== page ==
While at the Niobrara Valley Preserve last week, I hiked around in the former pine savanna on the bluffs north of the river. I’ve always enjoyed the patterns found in the bark of ponderosa pine trees, especially after a fire. Because of the big 2012 wildfire that swept across the Niobrara Valley Preserve, we have thousands of dead ponderosa pines, and (among other things) that means lots of great bark patterns.
Not only are pine bark patterns interesting to look at, it’s also fun to try to find images of familiar objects in them. It’s a little like cloud watching, but instead of gazing dreamily into the sky, you stare at dead burned trees. It’s probably not for everyone, but one perk is that you don’t get a crick in your neck while doing it.
I didn’t see any particular picture in the first photo shown here, but I did in the next two. I’m curious to know if any of you see what I see, or if you see something completely different.
It’s probably a good thing I don’t live at the Niobrara Valley Preserve. Among all the other things that would distract me from getting work done, I might spend too much time just wandering around looking for pictures in tree bark…
The weather has been extraordinarily warm for the last couple weeks, but it’s finally getting colder. While I’ve enjoyed getting outside to play soccer and other outdoor recreation activities, I’m also looking forward to seeing some ice again. A little snow wouldn’t hurt my feelings either. It’s been a pretty brown winter so far.
In the meantime, here are a few ice photos from a couple weeks ago, just as the last vestiges of ice were disappearing from the edge of a Platte River wetland. Let’s hope they aren’t the last ice photos of the winter…
And before you say it, yes, I recognize the delicious irony of yearning for more winter in this post exactly a week after a post in which I yearned for spring so I could photograph flowers. What I can I say? I like flowers, but I also like ice…
I’ve finally gotten through all the survey responses many of you provided over the last couple weeks, including all of the open-ended comments from the last two questions. Again, I really appreciate everyone who took the time to take that survey, and I am especially grateful for all your constructive and thoughtful suggestions.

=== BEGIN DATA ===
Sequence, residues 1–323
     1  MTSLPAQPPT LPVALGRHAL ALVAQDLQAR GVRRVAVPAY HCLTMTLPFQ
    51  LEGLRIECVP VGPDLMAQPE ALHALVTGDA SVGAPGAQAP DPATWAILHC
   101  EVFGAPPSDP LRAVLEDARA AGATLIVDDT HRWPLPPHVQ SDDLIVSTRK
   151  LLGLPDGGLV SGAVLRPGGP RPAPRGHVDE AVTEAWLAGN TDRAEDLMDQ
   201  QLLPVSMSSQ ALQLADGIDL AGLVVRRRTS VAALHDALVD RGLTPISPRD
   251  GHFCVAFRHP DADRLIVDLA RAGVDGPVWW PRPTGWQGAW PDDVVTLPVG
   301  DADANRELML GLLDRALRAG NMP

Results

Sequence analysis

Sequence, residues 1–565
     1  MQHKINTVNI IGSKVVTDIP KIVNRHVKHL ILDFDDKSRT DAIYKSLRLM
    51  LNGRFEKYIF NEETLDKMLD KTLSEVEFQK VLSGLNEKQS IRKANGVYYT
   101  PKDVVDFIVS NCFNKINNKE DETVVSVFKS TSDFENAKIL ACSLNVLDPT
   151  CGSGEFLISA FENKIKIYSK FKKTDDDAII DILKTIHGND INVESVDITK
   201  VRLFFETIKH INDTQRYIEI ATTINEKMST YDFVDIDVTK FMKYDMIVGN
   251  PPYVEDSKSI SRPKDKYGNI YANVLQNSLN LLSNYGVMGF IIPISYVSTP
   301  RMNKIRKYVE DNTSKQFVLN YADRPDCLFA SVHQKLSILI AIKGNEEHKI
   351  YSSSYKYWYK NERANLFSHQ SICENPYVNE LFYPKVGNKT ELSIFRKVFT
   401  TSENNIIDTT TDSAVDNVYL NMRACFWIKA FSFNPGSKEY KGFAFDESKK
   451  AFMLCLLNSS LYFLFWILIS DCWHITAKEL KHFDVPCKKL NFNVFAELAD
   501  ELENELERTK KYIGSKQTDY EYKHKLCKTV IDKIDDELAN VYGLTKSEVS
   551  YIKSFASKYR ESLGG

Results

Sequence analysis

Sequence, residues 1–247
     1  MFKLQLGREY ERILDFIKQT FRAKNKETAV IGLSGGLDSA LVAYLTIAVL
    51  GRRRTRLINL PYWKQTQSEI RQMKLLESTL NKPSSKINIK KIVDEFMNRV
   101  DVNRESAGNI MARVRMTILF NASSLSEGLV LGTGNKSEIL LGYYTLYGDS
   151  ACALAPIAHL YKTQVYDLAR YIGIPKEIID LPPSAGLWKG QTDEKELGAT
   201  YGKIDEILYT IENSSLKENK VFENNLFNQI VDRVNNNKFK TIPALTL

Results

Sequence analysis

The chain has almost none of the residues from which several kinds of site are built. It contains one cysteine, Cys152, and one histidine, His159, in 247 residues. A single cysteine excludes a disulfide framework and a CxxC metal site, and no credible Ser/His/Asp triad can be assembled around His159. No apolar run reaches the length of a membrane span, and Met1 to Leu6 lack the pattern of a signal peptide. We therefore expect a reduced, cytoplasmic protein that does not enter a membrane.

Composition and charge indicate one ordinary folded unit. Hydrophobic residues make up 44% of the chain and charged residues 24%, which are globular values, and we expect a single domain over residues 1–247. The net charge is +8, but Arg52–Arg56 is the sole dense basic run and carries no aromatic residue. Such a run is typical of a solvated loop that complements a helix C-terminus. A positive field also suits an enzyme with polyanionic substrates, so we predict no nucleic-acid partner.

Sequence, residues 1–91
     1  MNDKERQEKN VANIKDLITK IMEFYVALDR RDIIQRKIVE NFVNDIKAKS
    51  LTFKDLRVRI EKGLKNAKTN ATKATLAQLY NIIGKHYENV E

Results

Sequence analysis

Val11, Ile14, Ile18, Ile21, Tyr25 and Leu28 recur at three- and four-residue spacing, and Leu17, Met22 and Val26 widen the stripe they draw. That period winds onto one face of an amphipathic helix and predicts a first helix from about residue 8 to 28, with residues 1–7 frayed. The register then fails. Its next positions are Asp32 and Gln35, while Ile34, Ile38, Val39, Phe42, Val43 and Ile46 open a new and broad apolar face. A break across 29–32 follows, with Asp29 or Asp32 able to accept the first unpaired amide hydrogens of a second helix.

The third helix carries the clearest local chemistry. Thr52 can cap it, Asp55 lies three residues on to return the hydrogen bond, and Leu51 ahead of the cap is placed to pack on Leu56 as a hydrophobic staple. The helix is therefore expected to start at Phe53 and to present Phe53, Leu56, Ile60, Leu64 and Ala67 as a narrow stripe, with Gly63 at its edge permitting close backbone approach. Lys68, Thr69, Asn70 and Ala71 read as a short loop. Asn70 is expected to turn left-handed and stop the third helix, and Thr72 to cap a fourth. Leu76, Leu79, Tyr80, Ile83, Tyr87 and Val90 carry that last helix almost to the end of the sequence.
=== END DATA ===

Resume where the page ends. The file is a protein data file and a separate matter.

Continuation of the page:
Earlier this week, I shared a close-up photo of ice melting along the edge of a stream, and promised more. Here they are. One of the joys of close-up photography is the chance to capture intricate beauty from unexpected places. In this case, I never would have stopped to look at this half-frozen muddy stream beneath a concrete highway bridge if I hadn’t been looking for photographic opportunities. Even then, it took me a lot of trial and error before I ended up with any images I really liked. Notwithstanding my wet, cold, and muddy pants and some suspicious glances from passersby, I’m really glad I took the time.
Ok, enough with ice photos. I’ll try to get back to some prairie ecology next week.
This time of week, I am often putting the finishing touches on a new blog post that describes a prairie species or ecological interaction, discusses prairie management, or at least showcases some recent photos. Today, I’m a little distracted because I’m going through the data from the blog survey many of you participated in. AND I LOVE DATA!! So I’m not doing much writing.
I really want to thank everyone who took the survey over the last two weeks. Guess how many responses I got? Guess!
Hint: There are approximately 2900 people who have subscribed to the blog, mostly via email. There are also quite a few people who read the blog by just checking in now and then or because they get posts forwarded to them by friends. What would be an optimistic percentage of readers who would take the time to fill out a survey? Five percent? Ten percent?